A few weeks ago we wrote about the “creepy, problematic, and potentially illegal” problems associated with web tracker security—in particular, the security risks of Facebook’s Meta Pixel, its ability to collect and use sensitive healthcare data, and the risks of hospital privacy lawsuits. It seems those creepy and illegal problems have come home to roost, with news this week that plaintiffs have filed a class action lawsuit in the Northern District of California against three entities: Meta (Facebook) and two healthcare facilities (the University of California San Francisco (UCSF) Medical Center and the Dignity Health Medical Foundation). The lawsuit alleges that Facebook and the hospitals are engaged in data privacy violations by unlawfully collecting sensitive patient healthcare data and using it for targeted advertising.
The plaintiffs in the lawsuit claim that neither the hospitals nor Meta (Facebook) alert patients to the fact that their sensitive health information is being collected and used for advertising or provide user consents for such purposes. The data being collected and used for target advertising include sensitive patient information, such as health conditions, doctors, medication, IP address, and other data. Patients claim that the hospitals and Facebook violated their privacy when Facebook began targeting them with advertisements specifically related to their medical conditions.
HIPAA and Web Tracker Security
While many in the cybersecurity industry (including Feroot) have been reminding businesses for a while that improperly placed web trackers have the potential to cause a host of problems, including compliance and regulatory violations, a recent study by The Markup highlighted those risks for a broader audience. In its study, The Markup looked at Newsweek’s top 100 hospitals in America. On one-third of the websites, Markup researchers found a Facebook tracker, called the Meta Pixel, sending Facebook highly personal healthcare data whenever the user clicked the “schedule appointment” button. Because the data is connected to an IP address, the IP address and the appointment information gets delivered to Facebook.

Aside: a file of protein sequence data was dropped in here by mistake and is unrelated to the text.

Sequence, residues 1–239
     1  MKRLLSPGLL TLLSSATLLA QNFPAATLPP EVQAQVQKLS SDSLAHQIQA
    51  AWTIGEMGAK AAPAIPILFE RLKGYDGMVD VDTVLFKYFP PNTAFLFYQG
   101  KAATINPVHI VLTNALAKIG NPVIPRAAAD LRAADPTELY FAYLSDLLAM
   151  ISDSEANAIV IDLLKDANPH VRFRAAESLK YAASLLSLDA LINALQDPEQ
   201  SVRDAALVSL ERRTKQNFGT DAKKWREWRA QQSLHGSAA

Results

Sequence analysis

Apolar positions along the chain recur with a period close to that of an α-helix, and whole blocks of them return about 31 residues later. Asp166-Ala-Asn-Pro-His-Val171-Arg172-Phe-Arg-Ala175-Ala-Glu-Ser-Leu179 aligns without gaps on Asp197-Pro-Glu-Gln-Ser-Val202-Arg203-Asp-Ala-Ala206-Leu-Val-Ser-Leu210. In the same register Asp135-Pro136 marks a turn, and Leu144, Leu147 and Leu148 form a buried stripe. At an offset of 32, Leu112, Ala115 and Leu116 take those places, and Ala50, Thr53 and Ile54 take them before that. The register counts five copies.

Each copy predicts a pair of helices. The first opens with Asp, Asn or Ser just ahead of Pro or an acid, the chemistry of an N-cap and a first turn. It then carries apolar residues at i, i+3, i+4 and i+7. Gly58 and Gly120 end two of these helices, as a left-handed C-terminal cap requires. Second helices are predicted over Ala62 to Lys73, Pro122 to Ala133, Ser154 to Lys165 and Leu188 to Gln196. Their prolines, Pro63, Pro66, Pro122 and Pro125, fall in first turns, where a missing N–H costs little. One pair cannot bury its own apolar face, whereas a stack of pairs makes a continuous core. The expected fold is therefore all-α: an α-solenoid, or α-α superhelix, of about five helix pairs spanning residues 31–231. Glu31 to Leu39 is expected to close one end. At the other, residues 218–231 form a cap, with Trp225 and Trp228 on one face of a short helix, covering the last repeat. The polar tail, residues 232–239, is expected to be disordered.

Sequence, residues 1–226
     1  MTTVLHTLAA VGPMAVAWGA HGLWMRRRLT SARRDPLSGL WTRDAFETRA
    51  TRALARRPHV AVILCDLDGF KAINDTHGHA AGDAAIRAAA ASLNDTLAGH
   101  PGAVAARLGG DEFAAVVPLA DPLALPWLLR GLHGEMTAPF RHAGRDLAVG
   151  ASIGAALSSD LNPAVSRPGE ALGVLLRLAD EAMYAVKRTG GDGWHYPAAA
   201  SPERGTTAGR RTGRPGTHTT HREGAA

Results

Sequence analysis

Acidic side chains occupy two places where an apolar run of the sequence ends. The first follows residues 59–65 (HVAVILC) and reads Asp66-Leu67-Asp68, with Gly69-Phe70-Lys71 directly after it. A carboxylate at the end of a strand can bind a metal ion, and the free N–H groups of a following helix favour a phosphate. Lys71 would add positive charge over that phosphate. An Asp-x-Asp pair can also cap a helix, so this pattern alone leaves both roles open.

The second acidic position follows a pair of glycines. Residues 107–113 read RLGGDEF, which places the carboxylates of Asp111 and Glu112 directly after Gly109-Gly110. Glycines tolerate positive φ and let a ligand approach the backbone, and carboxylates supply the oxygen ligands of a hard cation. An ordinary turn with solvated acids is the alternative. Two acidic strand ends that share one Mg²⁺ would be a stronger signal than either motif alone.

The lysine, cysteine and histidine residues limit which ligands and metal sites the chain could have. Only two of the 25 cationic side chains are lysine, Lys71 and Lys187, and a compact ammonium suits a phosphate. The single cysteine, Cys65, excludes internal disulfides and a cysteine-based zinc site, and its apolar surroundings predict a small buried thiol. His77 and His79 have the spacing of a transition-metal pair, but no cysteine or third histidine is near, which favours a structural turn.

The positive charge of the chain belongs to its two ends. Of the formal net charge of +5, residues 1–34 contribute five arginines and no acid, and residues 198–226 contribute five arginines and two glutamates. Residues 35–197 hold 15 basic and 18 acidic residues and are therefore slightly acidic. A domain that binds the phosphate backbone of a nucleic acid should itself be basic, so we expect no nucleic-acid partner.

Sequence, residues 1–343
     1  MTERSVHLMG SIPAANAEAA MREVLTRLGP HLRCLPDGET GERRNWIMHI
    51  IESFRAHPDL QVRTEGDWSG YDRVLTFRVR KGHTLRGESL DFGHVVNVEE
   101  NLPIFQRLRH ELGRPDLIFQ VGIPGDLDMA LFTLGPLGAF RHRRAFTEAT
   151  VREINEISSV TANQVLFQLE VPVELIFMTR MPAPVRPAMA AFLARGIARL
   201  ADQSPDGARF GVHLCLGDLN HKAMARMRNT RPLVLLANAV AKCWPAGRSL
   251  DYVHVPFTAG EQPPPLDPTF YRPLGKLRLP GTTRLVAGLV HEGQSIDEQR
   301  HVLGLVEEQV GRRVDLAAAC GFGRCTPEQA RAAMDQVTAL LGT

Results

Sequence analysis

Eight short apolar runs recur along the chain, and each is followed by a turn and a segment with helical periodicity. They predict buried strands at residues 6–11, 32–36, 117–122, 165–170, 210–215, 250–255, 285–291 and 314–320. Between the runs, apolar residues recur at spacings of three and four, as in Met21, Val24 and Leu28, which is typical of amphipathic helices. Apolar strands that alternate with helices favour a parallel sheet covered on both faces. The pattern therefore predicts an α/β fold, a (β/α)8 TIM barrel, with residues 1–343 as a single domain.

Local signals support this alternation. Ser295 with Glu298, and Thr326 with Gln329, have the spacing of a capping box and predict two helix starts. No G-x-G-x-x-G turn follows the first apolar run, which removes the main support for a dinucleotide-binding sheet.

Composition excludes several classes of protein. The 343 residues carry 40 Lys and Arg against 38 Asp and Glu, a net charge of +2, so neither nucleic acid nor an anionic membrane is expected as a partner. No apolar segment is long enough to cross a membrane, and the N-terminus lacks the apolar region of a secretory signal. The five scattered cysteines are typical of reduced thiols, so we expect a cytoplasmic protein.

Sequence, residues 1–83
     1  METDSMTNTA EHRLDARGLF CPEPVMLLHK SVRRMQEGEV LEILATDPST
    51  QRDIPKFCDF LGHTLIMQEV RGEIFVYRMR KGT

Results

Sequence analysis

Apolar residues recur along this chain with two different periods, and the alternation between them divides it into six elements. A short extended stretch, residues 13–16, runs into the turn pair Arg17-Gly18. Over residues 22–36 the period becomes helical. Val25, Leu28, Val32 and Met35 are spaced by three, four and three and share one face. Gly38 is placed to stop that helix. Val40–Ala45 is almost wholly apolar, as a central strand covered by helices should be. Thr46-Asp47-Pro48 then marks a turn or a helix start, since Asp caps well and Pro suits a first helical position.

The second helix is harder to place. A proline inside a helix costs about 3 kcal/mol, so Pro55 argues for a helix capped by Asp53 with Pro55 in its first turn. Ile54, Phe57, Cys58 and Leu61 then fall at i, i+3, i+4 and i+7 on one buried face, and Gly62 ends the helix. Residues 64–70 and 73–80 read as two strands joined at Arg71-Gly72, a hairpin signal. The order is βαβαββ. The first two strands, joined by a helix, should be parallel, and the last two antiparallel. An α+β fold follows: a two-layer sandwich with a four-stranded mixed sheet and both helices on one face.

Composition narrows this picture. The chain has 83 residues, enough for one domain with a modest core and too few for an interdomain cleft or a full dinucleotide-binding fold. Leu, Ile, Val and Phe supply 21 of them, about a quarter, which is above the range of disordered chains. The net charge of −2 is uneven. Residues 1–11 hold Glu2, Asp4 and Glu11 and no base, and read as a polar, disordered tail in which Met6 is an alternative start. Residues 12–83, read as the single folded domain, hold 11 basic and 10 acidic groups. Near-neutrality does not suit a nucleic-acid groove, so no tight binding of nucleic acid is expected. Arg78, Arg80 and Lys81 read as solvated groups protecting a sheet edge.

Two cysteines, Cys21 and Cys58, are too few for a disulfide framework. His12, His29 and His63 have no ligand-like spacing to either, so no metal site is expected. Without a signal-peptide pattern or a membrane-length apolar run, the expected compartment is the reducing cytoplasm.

Within the Meta Pixel data packets, the user’s IP address can be used in combination with other user data to identify the individual or household. The Healthcare Insurance Portability and Accountability Act (HIPAA) lists “IP address” as one of the identifiers (along with things like name and address) that when linked to information about a person’s health condition, qualifies as protected health information (PHI).
Researchers in the study by The Markup consulted health data security experts, former health regulators, and privacy advocates, all of whom believed that the hospitals in question likely violated HIPAA.
The Health Insurance Portability and Accountability Act (HIPAA) protects sensitive health information (known as PHI) from being disclosed without the individual patient’s consent or knowledge. According to regulations, PHI may only be shared when the patient has provided advance consent or under the terms of certain contracts.